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Is it ethical for a firm to use the name of a dead former principal?

Nov 7 '16 24 Last Comment
David CurtisDavid Curtis
Nov 7, 16 7:57 pm

Is there some number of years before they should stop doing so?

 

archietechie
Nov 7, 16 8:10 pm

Right up until the remaining partners establish a school named after said principal.

Olaf Design Ninja_
Nov 7, 16 8:11 pm

ask Skidmore, Owings and Merrill? SOM

David CurtisDavid Curtis
Nov 7, 16 8:12 pm

it seems creepy

Olaf Design Ninja_
Nov 7, 16 8:14 pm

it would be creepier if they had paintings everywhere of the dead partners?

gruen
Nov 7, 16 8:14 pm

In fact it is more ethical to use the names of people who have never been involved. Which is why my firm is named "Einstein, Jesus, Wright & Lennon, Architects"

Olaf Design Ninja_
Nov 7, 16 8:16 pm

I think Eisenman, Jesus, Wright was the shit until Lennon came on board. Tha Jesus was a detailing pro, walk on water? no problem he had a detail for it.

David CurtisDavid Curtis
Nov 7, 16 8:20 pm

They (the living) should at least come up with a new name, since the dead person probably did the heavy lifting

Donna SinkDonna Sink
Nov 7, 16 8:22 pm

It can be mandated by the state that a professional corporation not use the name of deceased partners. YMMV.

Olaf Design Ninja_
Nov 7, 16 8:28 pm

HOK. KPF. the trick is to use the initials right? Is Gensler still alive?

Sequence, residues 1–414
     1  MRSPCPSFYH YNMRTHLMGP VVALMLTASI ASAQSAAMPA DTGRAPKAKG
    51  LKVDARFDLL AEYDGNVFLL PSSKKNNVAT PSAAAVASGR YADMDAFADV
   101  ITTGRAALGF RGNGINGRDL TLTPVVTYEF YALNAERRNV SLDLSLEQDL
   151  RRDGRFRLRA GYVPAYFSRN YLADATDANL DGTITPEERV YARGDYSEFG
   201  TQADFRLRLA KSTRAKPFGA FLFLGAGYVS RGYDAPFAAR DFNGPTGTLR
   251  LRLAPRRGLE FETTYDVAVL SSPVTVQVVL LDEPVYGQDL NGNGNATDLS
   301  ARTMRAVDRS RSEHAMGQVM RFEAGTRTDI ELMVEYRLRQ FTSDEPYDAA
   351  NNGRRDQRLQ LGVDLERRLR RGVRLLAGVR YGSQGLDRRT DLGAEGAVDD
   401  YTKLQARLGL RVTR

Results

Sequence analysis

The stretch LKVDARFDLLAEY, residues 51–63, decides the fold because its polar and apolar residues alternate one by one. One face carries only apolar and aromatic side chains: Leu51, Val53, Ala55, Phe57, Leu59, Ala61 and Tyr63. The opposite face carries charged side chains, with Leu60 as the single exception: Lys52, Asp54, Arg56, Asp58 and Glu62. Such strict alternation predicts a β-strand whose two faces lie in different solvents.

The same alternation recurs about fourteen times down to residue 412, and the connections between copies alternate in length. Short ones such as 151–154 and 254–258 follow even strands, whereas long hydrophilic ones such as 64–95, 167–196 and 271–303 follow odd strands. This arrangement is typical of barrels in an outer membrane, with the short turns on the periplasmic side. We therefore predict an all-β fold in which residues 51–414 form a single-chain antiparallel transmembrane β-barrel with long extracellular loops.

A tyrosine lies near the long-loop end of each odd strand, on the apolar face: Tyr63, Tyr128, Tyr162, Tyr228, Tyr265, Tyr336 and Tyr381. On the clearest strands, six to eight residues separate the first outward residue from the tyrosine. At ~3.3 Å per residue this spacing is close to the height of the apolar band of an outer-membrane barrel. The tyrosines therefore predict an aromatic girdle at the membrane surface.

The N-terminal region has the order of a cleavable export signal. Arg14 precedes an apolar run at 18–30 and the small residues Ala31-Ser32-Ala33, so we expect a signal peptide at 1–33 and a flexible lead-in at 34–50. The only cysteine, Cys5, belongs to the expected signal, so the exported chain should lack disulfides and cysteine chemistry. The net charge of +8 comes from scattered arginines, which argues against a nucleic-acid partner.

archietechie
Nov 7, 16 8:32 pm

But begs the question though, do they become just another corporate firm when the founder's novelty dies off?

Case in point: What will become of ZHA when the digital avant-garde is no longer avant-garde?

David CurtisDavid Curtis
Nov 7, 16 8:34 pm

That doesn't work for Finney, Ungers, Clancy & Kitchell

David CurtisDavid Curtis
Nov 7, 16 8:35 pm

after ZHA comes the robot overlords

babs
Nov 7, 16 8:52 pm

Olaf -- yes, Art Gensler is still alive (and, I hear, he still comes into the office)

tduds
Nov 8, 16 1:14 am

YMMV Architects has a nice ring to it.

David ColeDavid Cole
Nov 8, 16 1:33 am

Neither Lawrence Perkins nor Phillip Will have been alive for quite some time, but Perkins+Will has offices everywhere. My own employer also operates under the name of its long-deceased founder.

JeromeS
Nov 8, 16 7:37 am

I've re-named my firm Greene & Greene- cuz I like the color.

Non Sequitur
Nov 8, 16 8:04 am

Ren and Stimpy architects.

Non Sequitur
Nov 8, 16 8:05 am

Ren and Stimpy architects.

geezertect
Nov 8, 16 8:27 am

Anything is better than some of the cutesy names that some architects name their firms.  JMHO.

x intern
Nov 8, 16 8:40 am

You almost have to if you have built up a reputation where clients come to you.

Donna SinkDonna Sink
Nov 8, 16 9:12 am

There's also the DBA workaround:  you can be known as Sink & Fawcett Architects (the name we joked about in arch school if I went into practice with one of my classmates) even after both Sink and Fawcett are dead if you are legally registered as SF Architect Corporation, DBA Sink & Fawcett Architects.

David ColeDavid Cole
Nov 8, 16 9:50 am

^ I think that's how firms like Perkins+Will do it. Donna, you could also form a partnership with these guys and become Kitchen Sink.

(My new favorite firm name: Love Schack. And they actually have some nice-looking projects.)

I have a personal pet peeve with firms that are only known by an alphabet-soup set of initials. Back home in Cincinnati, almost all the major local firms have such names: GBBN, FRCH, MSA, CR, SHP, KZF, the list goes on. And most of their projects are fairly indistinguishable from each other, and they pretty much all share the same local talent pool. I swore that if I ever started a firm in Cincinnati, it would have an actual name and not just a grouping of initials.

randomized
Nov 10, 16 3:31 am

Non Sequitur, I would go for Rem and Stimpy architects...

SneakyPete
Nov 10, 16 11:36 am

Another tempest in a teapot to keep us arguing among ourselves?

 

Awesome.

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